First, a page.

Featured this past Friday in Dave Leblanc's Globe and Mail Architecture column, this pared down not-quite-600 square foot mini house located on Craven Avenue in Toronto's central east end is one answer to the question "How big a house do you really need?".
Craven Avenue is a quirky half-laneway-half-street that often appeals to my market, for its eclectic housing stock (and resulting non-conformist occupants) provides greater freedom to be as unique and liberated as one might like. The location, just east of Little India (the land of the best samosas) running north of Gerrard Street East on the portion of Craven that terminates at the east GO-Train rail corridor, is as cheap and cheerful as one can get in proximity to the downtown core. Despite the site being a former condemned meth-lab, I really wouldn't give the location the scathing lable of being 'sketchy'... it's better described as 'colourful'. Besides, the ability to find a parcel of land for $110,000 (including land transfer taxes!) is extremely rare. In fact it's almost unheard of. Count on paying closer to $400,000 up plus demolition costs for a lot in most downtown neighbourhoods.
I recall seeing this property come to market in December 2008. It was on the market for six weeks before it sold firm for under the asking price. I remember being quite excited about it, but I instantly knew this site needed a particular buyer. Its compact 16x73 foot dimensions and lack of onsite parking instantly made it a challenge. These limitations would be a deterrent to most builders, whom would deem it too risky to ensure a suitable return on investment. As you can read in the story, the total cost for this property from start to finish ended up being $385,000, which doesn't include any profit a builder would be seeking nor the costs to resell the property. Even today with the dwelling completed, the seller would be hard-pressed to turn this around and command in excess of $450,000, which would allow him to walk away with a (shall i say 'paltry'?) ten percent return for a two year endeavour. Not that I'm suggesting profit should be the prinicipal motivation to embark on this kind of project...in fact I celebrate the occasions when sites like this come available not for developers, but for people who want to create their own idea of paradise. It is these little gems that most often become the 'Special' amidst a sea of architectural banality. And in time, this 'labour of love' will prove profitable, just like all real estate inevitably does.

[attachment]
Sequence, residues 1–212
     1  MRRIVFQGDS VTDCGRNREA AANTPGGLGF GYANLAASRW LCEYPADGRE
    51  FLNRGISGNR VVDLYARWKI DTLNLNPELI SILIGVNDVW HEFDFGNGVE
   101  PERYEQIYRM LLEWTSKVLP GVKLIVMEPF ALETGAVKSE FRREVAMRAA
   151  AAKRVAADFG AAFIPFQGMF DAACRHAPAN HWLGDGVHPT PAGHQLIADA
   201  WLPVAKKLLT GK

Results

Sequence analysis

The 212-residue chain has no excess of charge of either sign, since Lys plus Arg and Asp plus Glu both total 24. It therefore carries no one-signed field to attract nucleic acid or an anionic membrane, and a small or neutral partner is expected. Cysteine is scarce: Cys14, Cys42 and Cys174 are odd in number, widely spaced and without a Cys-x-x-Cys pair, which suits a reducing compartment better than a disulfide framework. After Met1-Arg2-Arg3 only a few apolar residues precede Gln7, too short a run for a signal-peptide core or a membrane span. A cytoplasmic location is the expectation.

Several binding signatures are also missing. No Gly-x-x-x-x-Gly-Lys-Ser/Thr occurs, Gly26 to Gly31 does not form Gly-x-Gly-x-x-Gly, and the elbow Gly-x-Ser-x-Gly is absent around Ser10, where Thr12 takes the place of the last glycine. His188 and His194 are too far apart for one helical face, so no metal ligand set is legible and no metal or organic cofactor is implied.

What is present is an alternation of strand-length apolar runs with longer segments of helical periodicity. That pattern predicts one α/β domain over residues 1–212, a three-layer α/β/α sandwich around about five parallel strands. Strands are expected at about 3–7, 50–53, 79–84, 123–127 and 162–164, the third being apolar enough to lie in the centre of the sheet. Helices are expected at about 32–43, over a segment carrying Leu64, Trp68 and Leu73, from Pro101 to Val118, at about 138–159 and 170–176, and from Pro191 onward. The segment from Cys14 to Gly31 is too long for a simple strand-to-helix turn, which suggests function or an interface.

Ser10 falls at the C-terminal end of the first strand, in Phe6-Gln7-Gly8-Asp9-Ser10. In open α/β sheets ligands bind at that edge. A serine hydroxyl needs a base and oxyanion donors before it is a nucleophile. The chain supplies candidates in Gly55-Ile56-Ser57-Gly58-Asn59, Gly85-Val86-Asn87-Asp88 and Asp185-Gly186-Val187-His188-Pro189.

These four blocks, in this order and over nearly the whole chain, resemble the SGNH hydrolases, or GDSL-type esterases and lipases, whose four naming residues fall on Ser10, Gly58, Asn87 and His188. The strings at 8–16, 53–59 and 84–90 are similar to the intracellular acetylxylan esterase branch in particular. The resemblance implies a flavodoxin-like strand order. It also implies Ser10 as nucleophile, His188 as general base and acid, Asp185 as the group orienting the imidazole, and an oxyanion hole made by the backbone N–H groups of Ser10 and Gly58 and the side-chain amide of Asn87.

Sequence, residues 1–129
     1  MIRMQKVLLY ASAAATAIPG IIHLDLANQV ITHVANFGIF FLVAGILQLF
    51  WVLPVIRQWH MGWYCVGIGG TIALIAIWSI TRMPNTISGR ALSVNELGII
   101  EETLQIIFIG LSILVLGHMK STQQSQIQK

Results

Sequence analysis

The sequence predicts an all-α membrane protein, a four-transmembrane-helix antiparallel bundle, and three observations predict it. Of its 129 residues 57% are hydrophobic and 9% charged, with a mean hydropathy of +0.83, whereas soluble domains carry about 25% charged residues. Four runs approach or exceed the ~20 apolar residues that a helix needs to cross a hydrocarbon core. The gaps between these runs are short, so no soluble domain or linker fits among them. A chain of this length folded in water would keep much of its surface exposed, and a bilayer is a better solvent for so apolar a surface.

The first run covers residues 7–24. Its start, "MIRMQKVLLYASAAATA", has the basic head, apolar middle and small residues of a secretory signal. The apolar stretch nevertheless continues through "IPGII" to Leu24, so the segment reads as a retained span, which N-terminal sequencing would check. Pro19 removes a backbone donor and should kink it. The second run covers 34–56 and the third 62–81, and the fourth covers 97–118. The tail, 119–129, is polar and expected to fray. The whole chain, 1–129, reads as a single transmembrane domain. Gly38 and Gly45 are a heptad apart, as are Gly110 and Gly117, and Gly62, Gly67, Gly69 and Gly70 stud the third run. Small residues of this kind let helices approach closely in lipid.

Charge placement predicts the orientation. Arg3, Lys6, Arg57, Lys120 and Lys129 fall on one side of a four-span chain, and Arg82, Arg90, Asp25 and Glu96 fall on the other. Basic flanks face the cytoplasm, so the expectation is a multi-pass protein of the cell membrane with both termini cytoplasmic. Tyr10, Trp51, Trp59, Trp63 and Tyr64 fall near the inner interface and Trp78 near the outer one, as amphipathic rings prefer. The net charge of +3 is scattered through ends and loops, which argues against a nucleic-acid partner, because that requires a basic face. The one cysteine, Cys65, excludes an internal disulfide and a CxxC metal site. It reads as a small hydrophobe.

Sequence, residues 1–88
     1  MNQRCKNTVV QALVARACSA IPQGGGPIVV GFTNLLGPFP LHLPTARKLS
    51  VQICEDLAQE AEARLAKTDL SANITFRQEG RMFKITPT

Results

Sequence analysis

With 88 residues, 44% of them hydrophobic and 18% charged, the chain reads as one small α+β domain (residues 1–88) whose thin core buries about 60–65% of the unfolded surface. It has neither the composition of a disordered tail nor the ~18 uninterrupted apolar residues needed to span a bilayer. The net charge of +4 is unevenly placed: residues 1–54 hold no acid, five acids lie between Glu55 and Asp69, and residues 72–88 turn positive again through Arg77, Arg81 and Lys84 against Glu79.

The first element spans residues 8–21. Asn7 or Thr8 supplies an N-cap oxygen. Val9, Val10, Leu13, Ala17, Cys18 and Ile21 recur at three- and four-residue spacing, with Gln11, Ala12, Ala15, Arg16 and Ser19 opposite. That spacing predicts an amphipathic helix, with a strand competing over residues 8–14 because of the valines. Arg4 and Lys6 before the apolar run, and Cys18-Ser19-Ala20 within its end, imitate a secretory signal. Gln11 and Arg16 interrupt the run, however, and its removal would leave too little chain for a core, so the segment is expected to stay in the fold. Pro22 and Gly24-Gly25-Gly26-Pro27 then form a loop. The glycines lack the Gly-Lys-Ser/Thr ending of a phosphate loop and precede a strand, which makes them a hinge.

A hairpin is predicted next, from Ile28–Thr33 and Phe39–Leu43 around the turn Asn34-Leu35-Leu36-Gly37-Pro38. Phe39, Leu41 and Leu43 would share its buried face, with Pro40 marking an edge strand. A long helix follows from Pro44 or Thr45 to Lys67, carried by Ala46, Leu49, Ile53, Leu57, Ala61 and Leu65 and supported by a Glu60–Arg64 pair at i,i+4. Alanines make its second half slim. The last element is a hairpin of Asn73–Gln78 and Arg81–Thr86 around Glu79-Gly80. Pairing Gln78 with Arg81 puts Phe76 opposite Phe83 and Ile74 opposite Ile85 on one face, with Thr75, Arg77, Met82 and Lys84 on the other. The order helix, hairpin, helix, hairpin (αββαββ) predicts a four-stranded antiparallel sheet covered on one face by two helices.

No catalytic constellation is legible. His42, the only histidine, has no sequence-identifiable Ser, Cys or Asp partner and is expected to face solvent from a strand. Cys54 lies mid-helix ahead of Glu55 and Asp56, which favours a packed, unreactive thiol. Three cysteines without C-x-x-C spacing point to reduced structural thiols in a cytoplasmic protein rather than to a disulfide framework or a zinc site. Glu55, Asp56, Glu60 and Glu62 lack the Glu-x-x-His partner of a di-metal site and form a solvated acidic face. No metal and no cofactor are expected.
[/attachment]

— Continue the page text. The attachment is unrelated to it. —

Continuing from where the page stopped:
What I appreciate about Dave Leblanc's column is how he provides a tally of the costs associated with redeveloping this site. Having spent twenty years in the world of development, let me share the broad rule of thumb for any pro-forma. Try allocate 25% of your total budget on land, 25% on soft costs (legal costs, design fees, planning approvals, building permits), 25% on hard costs (construction) with the remaining 25% allocated to profit. In an expensive city like Toronto this is pretty difficult to achieve, as this article demonstrates. To frustrate further, most people who would really like to build an affordable new house like this don't have the minimum capital required to achieve it. In Ontario, one would be hard-pressed to place a substantial mortgage on a vacant piece of land plus borrow the funds to build. Typically one would have to put 50% down for the site, have enough available capital to pay for all the pre-construction approvals, legals and permit fees (soft costs), plus at least ten percent of the hard costs before qualifying to borrow the balance through institutional lenders. Alternatively, one may be able to arrange financing from private lenders, though note the interest charges will likely be higher. Plain and simple. it isn't easy breezy building your dream home. Which makes me tip my hat off in envy and appreciation for all of you who do!
Are you curious to know more on how to develop a property site? Go to my HomeWatch webpage here and download my newsletter 'Understanding The Development Process' for a brief synopsis!
Footnote - Some helpful guidance from mortgage broker Jake Abramowicz of www.mortgagejake.com:
A note on Construction Financing.
Generally speaking Construction Financing is given based on end value of the property. The maximum that most private lenders will finance is to a maximum of 75% of the value on the finished product. To give numbers to this scenario:
Let's say you have a piece of land that's worth $600K with a mortgage of $300K (most land financing goes up to maximum of 50%). The project you wish to build will have an end value of $1M. The end value is determined by an appraiser and is based on drawings, plans, permits and cost estimates. A lender may be willing to go to 75% of that total minus the value of the 1st mortgage, so in this scenario that would lend up to $450K to finish your project. However, you never get all the money in one lump sum. Instead, in order to make sure the construction program is being executed appropriately, the money is given in a series of draws with a 10% hold-back each time, based on the appraisal at the time of each draw. In our situation here, the lender would give 33% of $450K each time a phase of the project is finished, and 10% of that is held back until the end. As such, a client must have at least some capital in order to undertake this so they are able to pay their contractors and continue on.
Construction financing is also not cheap. Privately, it'll run you to 9% to 15% in interest (interest-only payments), and 2-4% lender fees. Institutionally would usually be about 3 points less in the rate and lower fees.